*The episode was referenced in the two part "Megas XLR" series finale "Rearview Mirror, Mirror", which features many references to the original "Star Trek" episode and Universal Century "Gundam". The basic plot of the episodes, which center on an alternate universe where Coop and Kiva have gone evil and a battle-hardened Jamie opposes them, is taken from the "Trek" episode, as the title references.
*The episode was spoofed in "Mystery Science Theater 3000" episode 611 ("Last of the Wild Horses"), where Gypsy and Tom Servo swapped universes with their evil alternate selves. In the alternate universe, Mike Nelson was now in Deep 13, sporting a goatee and wearing a costume similar to Kirk's while evading assassination attempts by Crow, and forcing his universe's version of Dr. Forrester and TV's Frank to watch bad movies on the "Satellite of Love" (Forrester and Frank even appear in the theater for a brief movie segment). The episode ends with the "normal" Forrester and Frank discovering the joys of the agony booth.
*The episode was referenced in episodes of "Futurama", "Venture Bros.", "KND", "South Park", "Robson Arms", "Robot Chicken", "Stargate Atlantis", and "The Middleman" as well as an issue of "A-Next" and the "Buffy the Vampire Slayer" video game.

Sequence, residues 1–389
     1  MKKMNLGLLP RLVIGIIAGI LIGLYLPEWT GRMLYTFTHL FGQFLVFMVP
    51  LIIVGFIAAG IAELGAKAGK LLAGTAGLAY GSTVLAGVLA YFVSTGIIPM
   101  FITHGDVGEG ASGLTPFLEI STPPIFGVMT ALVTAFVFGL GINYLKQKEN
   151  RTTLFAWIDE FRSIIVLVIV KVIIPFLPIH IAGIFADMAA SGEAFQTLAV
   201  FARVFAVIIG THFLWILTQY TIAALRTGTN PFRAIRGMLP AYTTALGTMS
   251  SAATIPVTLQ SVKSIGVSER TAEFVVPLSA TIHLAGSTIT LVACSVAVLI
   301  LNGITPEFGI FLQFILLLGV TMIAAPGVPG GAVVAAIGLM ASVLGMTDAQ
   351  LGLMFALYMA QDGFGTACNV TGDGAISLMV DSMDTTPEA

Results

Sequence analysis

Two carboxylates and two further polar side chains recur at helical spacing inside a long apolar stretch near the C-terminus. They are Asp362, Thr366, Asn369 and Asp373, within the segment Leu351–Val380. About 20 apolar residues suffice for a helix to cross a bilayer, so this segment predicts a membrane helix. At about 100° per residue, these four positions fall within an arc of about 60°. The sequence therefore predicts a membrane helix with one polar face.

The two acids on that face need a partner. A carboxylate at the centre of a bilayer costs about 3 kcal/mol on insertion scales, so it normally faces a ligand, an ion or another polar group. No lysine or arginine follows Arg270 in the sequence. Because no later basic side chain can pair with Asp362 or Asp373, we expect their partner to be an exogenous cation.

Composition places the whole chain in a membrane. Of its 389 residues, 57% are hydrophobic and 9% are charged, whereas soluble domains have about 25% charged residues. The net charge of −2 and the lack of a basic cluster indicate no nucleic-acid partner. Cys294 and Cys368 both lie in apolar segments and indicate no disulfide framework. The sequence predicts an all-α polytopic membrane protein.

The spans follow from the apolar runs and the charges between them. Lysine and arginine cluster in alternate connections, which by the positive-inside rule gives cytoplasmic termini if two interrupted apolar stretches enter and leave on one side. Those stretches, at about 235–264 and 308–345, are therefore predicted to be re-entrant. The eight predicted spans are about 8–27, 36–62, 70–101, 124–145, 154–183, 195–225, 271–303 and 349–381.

*The progressive rock band Spock's Beard likely took their name from this episode.
*At the Transformers Convention Botcon, there was a theme of a mirrorverse with the Autobots being portrayed as evil and Decepticons being portrayed as heroic. Also, the mirrorverse version of character Rodimus had a goatee.
* The song "Spock with a beard" by Palmskin Productions, on the Rebirth of Cool Volume 2 compilation album, samples a line of Captain Kirk's dialogue from this episode.

External links

* [http://trekmovie.com/2006/11/13/mirror-mirror-screenshots-and-video/ The 2006 remastered Mirror, Mirror side-by-side comparisons]
* [http://www.startrek.com/startrek/view/series/TOS/episode/68738.html "Mirror, Mirror"] at StarTrek.com
* [http://www.fastcopyinc.com/orionpress/articles/mirror.htm "Mirror, Mirror"] original script analysis
* [http://www.imdb.com/title/tt0708438/ Mirror, Mirror] at IMDB


Wikimedia Foundation. 2010.

Look at other dictionaries: